Recycle your coffee grounds
How to recycle your coffee grounds
Coffee grounds are rich with minerals and vitamins, containing nitrogen, phosphorus, potassium, and a desirable, slightly acidic pH level between 3.0 and 5.0. Consult a gardening specialist if you are unsure how the grounds will react with certain plants. Otherwise, consider these tips to turn your spent grounds into a powerful homemade fertilizer:
- Collect the grounds: Keep an old coffee can or other container beside your kitchen sink to avoid the temptation of dumping coffee grounds down the drain or in the trash. Spent grounds should be used in a relatively short time and kept dry, as they tend to mold.
- Apply coffee grounds directly to your plants: Before watering your outdoor plants, layer your soil or target garden areas with coffee grounds. Plants such as azaleas, rhododendrons, ferns, roses, gardenias, blueberries, cranberries, oaks, and spruces respond well to coffee-ground mulch. You can also sprinkle the grounds directly on the soil of potted houseplants.
- Make a garden compost: Add coffee grounds (along with used, non-chlorine bleached coffee filters to your compost bin to neutralize pH levels and quicken the decompositioning process. The grounds should account for no more than 25 percent of the composting matter and a teaspoon of lime or wood for each 5 pounds of grounds can be added to balance out acidity levels.
- Make a liquid fertilizer: Diluting coffee grounds with water creates an excellent liquid fertilizer. Mixing one half pound can of coffee grounds into a 5-gallon container of water is recommended.
- Use coffee grounds as a natural pest deterrent: Surround plants sensitive to pests, especially worms, with a mixture of coffee grounds and eggshells. This acts as a natural repellent and keeps worms well fed and happy without having to resort to chemical pesticides.
- Seek outside help: If you don't brew coffee at home, visit a local coffee house and ask for their spent coffee grounds. Starbucks is active in contributing grounds to customers for gardening use through its Grounds For Your Garden program.
Find it! Recycled coffee ground products
Although coffee grounds are most often recycled for gardening purposes, your fireplace can benefit as well. Fireplace logs made from used coffee grounds emit less carbon dioxide than manufactured logs while reducing landfill waste.
Recycling your coffee grounds helps you go green because...
- It reduces waste that would otherwise end up in a landfill.
- It gives back to the earth while lessening your reliance on chemical pesticides and fertilizers.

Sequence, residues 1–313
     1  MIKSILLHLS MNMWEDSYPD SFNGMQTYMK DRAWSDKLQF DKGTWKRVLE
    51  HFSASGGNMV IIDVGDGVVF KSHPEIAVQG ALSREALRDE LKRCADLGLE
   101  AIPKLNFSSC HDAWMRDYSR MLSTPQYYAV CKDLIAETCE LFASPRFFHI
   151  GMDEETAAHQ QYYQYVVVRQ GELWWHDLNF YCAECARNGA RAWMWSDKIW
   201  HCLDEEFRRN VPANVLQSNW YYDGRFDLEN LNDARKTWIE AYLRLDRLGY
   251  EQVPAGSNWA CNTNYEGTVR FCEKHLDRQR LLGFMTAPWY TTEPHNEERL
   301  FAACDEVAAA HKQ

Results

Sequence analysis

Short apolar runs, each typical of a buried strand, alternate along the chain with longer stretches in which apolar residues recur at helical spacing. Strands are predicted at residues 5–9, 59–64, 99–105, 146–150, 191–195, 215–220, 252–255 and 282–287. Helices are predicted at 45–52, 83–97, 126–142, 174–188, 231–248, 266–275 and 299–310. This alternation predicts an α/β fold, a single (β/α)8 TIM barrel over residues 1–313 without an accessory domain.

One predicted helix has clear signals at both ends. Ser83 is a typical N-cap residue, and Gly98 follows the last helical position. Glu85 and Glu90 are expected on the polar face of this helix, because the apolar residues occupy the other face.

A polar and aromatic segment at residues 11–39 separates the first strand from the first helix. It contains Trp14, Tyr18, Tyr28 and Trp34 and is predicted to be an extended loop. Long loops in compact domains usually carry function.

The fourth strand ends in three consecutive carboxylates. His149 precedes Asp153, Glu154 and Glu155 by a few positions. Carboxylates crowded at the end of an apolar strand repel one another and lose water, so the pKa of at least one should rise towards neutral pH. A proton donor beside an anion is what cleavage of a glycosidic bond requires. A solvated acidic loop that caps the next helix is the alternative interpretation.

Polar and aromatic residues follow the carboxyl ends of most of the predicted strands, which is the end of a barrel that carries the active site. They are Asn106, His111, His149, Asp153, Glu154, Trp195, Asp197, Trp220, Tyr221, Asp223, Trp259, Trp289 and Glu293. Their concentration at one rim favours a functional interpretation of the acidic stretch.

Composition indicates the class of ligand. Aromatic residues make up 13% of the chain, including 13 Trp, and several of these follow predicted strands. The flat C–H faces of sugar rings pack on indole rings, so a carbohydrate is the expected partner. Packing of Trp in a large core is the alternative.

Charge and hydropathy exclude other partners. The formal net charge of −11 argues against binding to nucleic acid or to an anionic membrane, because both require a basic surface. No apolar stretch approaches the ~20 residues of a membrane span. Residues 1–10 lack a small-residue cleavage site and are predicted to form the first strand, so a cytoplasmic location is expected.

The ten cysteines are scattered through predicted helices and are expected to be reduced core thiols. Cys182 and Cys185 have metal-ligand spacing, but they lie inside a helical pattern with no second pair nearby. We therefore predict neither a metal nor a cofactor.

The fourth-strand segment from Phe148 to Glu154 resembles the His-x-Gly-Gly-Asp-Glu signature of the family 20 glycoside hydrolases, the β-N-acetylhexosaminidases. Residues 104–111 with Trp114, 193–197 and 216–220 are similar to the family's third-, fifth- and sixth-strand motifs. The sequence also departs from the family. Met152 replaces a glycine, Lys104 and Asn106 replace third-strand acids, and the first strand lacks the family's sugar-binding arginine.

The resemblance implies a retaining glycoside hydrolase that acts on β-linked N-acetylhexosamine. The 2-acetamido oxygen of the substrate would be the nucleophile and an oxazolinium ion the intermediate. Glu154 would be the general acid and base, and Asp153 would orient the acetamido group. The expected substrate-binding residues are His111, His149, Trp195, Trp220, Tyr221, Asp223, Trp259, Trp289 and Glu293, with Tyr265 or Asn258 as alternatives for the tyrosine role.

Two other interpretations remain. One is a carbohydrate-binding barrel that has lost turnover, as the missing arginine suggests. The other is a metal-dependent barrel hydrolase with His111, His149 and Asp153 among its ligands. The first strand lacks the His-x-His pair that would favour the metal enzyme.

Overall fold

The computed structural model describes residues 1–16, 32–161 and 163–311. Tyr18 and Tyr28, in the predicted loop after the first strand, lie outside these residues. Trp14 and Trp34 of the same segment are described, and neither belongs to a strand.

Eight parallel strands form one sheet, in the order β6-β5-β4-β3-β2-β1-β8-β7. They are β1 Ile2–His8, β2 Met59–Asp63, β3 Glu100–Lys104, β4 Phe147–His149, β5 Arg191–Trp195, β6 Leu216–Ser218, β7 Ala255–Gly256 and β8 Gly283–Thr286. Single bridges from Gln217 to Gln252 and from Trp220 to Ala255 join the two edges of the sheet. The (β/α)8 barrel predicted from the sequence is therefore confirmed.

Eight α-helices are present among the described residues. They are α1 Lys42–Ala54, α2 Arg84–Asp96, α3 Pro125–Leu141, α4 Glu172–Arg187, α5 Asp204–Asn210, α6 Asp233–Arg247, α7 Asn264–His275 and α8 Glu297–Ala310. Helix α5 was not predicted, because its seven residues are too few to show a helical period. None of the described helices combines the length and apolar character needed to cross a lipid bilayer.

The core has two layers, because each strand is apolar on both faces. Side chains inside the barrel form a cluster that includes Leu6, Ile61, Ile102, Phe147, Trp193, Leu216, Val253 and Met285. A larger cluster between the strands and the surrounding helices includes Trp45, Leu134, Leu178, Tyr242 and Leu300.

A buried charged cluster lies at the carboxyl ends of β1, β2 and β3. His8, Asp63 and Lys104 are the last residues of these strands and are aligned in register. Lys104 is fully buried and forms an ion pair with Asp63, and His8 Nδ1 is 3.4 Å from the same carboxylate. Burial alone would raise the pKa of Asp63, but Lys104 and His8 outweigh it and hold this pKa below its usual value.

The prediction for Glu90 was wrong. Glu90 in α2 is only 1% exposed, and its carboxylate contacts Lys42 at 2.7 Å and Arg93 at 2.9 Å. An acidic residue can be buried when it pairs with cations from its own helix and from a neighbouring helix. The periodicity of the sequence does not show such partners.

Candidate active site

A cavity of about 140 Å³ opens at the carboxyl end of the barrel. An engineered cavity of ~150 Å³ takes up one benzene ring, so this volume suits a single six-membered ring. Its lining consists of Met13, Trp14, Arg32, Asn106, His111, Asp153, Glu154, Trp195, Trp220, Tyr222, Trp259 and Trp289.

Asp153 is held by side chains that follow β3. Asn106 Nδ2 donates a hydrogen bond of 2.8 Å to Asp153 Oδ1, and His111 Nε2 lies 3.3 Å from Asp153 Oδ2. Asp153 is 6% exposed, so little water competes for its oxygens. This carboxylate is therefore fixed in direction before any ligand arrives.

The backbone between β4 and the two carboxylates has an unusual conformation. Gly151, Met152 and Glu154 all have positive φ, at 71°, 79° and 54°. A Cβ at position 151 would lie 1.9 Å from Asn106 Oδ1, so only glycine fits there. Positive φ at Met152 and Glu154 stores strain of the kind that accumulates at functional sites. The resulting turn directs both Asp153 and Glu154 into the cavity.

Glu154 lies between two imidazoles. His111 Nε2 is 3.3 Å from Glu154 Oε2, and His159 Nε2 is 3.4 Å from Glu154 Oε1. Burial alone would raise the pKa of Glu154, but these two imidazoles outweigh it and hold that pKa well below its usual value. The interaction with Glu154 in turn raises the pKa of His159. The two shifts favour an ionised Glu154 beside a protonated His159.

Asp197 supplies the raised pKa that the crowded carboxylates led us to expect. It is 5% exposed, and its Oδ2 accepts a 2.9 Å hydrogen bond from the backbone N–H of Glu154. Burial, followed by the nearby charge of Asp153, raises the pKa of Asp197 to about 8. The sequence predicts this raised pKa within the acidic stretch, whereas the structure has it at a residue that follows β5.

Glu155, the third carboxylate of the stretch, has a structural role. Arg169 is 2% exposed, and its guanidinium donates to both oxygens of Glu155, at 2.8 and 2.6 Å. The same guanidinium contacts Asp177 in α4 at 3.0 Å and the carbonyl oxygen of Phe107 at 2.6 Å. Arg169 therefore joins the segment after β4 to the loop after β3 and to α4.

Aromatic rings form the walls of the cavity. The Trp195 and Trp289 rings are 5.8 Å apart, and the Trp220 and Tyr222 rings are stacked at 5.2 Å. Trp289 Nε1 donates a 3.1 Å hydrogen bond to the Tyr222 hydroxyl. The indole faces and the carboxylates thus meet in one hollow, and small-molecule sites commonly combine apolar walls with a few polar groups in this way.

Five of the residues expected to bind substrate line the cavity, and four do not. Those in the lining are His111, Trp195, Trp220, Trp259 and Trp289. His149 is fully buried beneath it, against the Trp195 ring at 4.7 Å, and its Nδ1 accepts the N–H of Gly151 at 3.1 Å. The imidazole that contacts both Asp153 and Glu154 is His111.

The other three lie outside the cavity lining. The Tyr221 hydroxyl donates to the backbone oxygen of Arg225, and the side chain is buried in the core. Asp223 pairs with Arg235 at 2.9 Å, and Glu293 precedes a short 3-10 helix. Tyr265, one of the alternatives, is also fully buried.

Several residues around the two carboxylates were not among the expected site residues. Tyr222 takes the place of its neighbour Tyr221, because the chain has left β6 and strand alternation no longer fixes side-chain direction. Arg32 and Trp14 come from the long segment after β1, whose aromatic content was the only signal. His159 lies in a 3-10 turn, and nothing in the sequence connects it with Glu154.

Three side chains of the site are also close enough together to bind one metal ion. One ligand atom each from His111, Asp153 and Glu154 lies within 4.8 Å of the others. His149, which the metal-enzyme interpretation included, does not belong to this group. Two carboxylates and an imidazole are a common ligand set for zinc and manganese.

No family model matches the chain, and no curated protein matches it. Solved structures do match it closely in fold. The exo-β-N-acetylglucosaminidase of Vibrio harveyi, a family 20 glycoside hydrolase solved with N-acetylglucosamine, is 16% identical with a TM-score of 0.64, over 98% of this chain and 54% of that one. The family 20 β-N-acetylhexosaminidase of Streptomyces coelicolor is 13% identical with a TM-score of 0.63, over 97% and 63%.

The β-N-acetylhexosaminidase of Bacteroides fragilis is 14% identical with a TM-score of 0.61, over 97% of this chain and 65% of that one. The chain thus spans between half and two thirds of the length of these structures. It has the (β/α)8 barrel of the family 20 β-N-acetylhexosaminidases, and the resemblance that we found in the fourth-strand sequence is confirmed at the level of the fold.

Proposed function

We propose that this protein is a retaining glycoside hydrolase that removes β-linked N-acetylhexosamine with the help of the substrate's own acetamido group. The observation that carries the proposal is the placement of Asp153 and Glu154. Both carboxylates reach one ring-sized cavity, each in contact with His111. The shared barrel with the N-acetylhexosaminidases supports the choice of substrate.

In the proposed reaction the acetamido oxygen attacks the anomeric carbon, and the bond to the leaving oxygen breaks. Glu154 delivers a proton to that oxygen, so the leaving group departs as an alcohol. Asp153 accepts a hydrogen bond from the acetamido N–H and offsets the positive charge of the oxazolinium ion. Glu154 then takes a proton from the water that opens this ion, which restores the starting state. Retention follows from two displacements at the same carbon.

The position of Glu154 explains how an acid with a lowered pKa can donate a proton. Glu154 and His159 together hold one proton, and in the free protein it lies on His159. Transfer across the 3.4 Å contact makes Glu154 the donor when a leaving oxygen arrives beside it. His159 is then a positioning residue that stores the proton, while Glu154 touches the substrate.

Given that millions of people drink coffee on a daily basis—approximately 56 percent of the American adult population—millions of pounds of coffee grounds are discarded. At a typical Starbucks store, coffee grounds account for 40 percent of trash by weight. In 2005, 28.5 million tons of food waste, including coffee grounds, were discarded in the United States alone.
Used coffee grounds, however, don't have to end up in the landfill. They can be used as a natural, chemical-free fertilizer and pest control agent for your garden or houseplants. Commonly used chemical gardening products, such as fertilizers and pesticides, can reduce soil efficiency and impede a plant's ability to naturally ward off harmful insects and diseases. Groundwater is also at risk of contamination from chemical gardening treatments: studies report that surface water in 100 percent of all large streams and rivers tested positive for pesticides.
As a pest control agent, it has been found that slugs and snails (common garden pests in cooler climates) don't like caffeine. Studies show that using a spray solution with high levels of caffeine, such as 1 or 2 percent, kills off 60 percent and 95 percent of slugs, respectively. Coffee grounds aren't likely to kill garden mollusks because they contain less caffeine (instant coffee contains approximately .05 percent caffeine while drip coffee has about twice that amount). However, applying coffee grounds around plants can act as a mild, but effective deterrent. As such, coffee grounds are considered a safe alternative to metaldehyde.
- metaldehyde: A chemical pesticide used to poison slugs and snails that is toxic when ingested by other organisms. including humans.
- mulch: Matter—comprised of a variety of organic (leaves, bark, paper, compost, or manure) or non-organic materials (such as gravel)—placed on top of the soil to control erosion and moisture levels and discourage weed growth.
- US Environmental Protection Agency - Resource Conservation Challange: Starbucks Protects Environment by Offering Grounds for Your Garden
- National Coffee Association of USA, Inc. - Regional Patterns
- The Colorado Springs Gazette - Pep up plants by giving soil shot of coffee
- US Environmental Protection Agency - 2005 Municipal Waste Stream Report
- Environment & Human Health, Inc. - Risks from Lawn Care Pesticides
- Simple Gifts Farm - Coffee Grounds and Gardening